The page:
Cheers -


Patrick said...

Hey Dan,
"the different dysfunctional characters (or behaviors) that can show up at the meeting" you summarized is so interesting. I like them.

seanwhitlock said...

Thanks for the post- you really nailed the characters on the head. It’s hard to imagine a meeting without some of these people…it just wouldn’t feel complete.

Dan McCarthy said...

Scott -
sorry, it was either her or Paris Hilton. Good point about Romo. Thanks.

Patrick -

Sean -
They do make it interesting.

Unknown said...

Bravo Dan- having sat in on these year after year- you nailed it- If only you could hand out the "Role" name tags prior to the meeting, it would go faster, and be far more efficient!

Dan Zaccagnino said...

This list is a perfect description of a typical meeting. Those characteristics you mentioned are a disruption to the overall task that is trying to be accomplished. Is there any way to eliminate some of them or should we just accept it for what it is and deal with it?

Phil said...

I love it, I laughed at a few as I caught myself pin pointing different situations and people I've ran into that I could match up with a few numbers on here. It would be nice if we could point these people out at the beginning of the meeting when everyone first sits down. If I may add, number 11, Einstein, he can't use constructive criticism nor feedback because he has the answers to everything and could possibly be the smartest person on board or better yet alive. Great post I love it.


Dan McCarthy said...

Debbie -
Good idea, it would be nice to know ahead of time. Thanks.

Dan -
sure, a lot of problems can be eliminated with preparation before the meeting, making sure everybody understands, buys in, is prepared, etc.... Ground rules can help too. Thanks.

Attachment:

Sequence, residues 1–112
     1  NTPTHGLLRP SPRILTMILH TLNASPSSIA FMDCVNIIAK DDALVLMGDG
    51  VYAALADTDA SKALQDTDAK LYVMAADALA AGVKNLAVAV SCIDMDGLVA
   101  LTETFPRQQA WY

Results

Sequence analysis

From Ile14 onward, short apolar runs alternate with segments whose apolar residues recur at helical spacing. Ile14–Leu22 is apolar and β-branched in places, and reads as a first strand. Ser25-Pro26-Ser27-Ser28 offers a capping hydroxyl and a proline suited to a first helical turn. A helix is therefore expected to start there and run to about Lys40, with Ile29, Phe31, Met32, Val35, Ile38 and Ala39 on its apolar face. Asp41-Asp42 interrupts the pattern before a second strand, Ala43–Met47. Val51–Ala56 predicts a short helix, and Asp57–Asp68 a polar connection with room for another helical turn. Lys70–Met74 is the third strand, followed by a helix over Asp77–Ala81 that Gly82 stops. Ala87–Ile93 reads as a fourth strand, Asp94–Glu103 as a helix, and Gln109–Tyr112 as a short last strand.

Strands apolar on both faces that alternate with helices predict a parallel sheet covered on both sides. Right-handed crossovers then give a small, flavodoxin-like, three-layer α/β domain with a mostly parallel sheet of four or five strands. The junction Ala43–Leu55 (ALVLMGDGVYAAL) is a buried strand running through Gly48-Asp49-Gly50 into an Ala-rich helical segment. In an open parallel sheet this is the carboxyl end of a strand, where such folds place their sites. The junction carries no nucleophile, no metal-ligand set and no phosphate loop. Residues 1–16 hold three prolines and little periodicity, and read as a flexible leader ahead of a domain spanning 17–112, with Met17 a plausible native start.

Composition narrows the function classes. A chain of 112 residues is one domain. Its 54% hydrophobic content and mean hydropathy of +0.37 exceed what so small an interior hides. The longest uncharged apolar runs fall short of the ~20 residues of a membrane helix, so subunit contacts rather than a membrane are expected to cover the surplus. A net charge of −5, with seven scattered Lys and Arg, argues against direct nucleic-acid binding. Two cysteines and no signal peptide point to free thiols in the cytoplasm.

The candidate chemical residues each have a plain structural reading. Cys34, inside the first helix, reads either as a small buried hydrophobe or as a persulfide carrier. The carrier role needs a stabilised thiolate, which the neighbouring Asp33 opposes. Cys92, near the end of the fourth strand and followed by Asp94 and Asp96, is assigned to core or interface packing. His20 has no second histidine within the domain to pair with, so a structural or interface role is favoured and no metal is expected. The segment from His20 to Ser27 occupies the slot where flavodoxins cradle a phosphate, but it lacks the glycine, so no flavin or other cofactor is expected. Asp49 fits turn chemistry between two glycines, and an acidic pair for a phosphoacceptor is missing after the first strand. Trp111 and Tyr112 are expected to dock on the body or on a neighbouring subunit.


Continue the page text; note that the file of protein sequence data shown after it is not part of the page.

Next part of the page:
Phil -
Thanks, yes, lets add Albert, I know him well.

Unknown said...

Great list. It's funny to think about each of my different experiences where some of these settings took place. My personal favorite is the toe tapper.

Unknown said...

Dear Dan,
I think an effective way to mitigate the impact of the dysfunctional characters is identified in your introduction. Having team members complete their performance and potential matrix prior to the meeting helps get everyone's head in the game and focused on the task at hand. I do think that the key to avoiding characters like the "used car saleswoman" and the "defense attorney" is to make sure people come to the meeting prepared with evidence/examples to back their conclusions on employee performance and potential. Managers should be encouraged to contribute thoughts on individuals who are not their direct reports as well. In this age of individual contributors and cross functional teams it is often another leader who might be in the best position to assess another managers direct report.
Best regards,

Ann sabo said...

Although I've seen the various "types" described here I find that when one or more of them exist, the problem is often in the organization itself. We use a program called "Corporate Coach" and find it extremely helpful in assisting team members to focus on their personal development. It also helps when reviewing other staff members as it is thorough and unbiased. This coaching program coomes from
and a sample is on their web site.
Coaching, mentoring, and training are the most important tools a manager has in their toolkit but without structure and guidance most managers are woefully unprepared for the task.

Dan McCarthy said...


Ellen -
Thanks, sounds like you've done a few of these. Good advice.

Ann -
Thanks for the tip. Sounds like it could be usefull.

Casey said...

I love the your descriptions and those added by the others.

I would add "Mr. Too Important". The guy who spends all his time on his Blackberry because he is multi-tasking. This is the same guy who follows up with you 25 times because he didn't pay attention or take notes and now he doesn't know his assigned role/tasks.


Dan McCarthy said...

Casey -
Ah yes, know him well. Thanks!

Phillip said...

Like this a lot. I will use it! Like the descriptive list of characters. Believe many of us experience an evolving or crossing over depoending where the organization is culturally, financially, etc.

Dan McCarthy said...

Phillip -
Thanks - glad you can use it.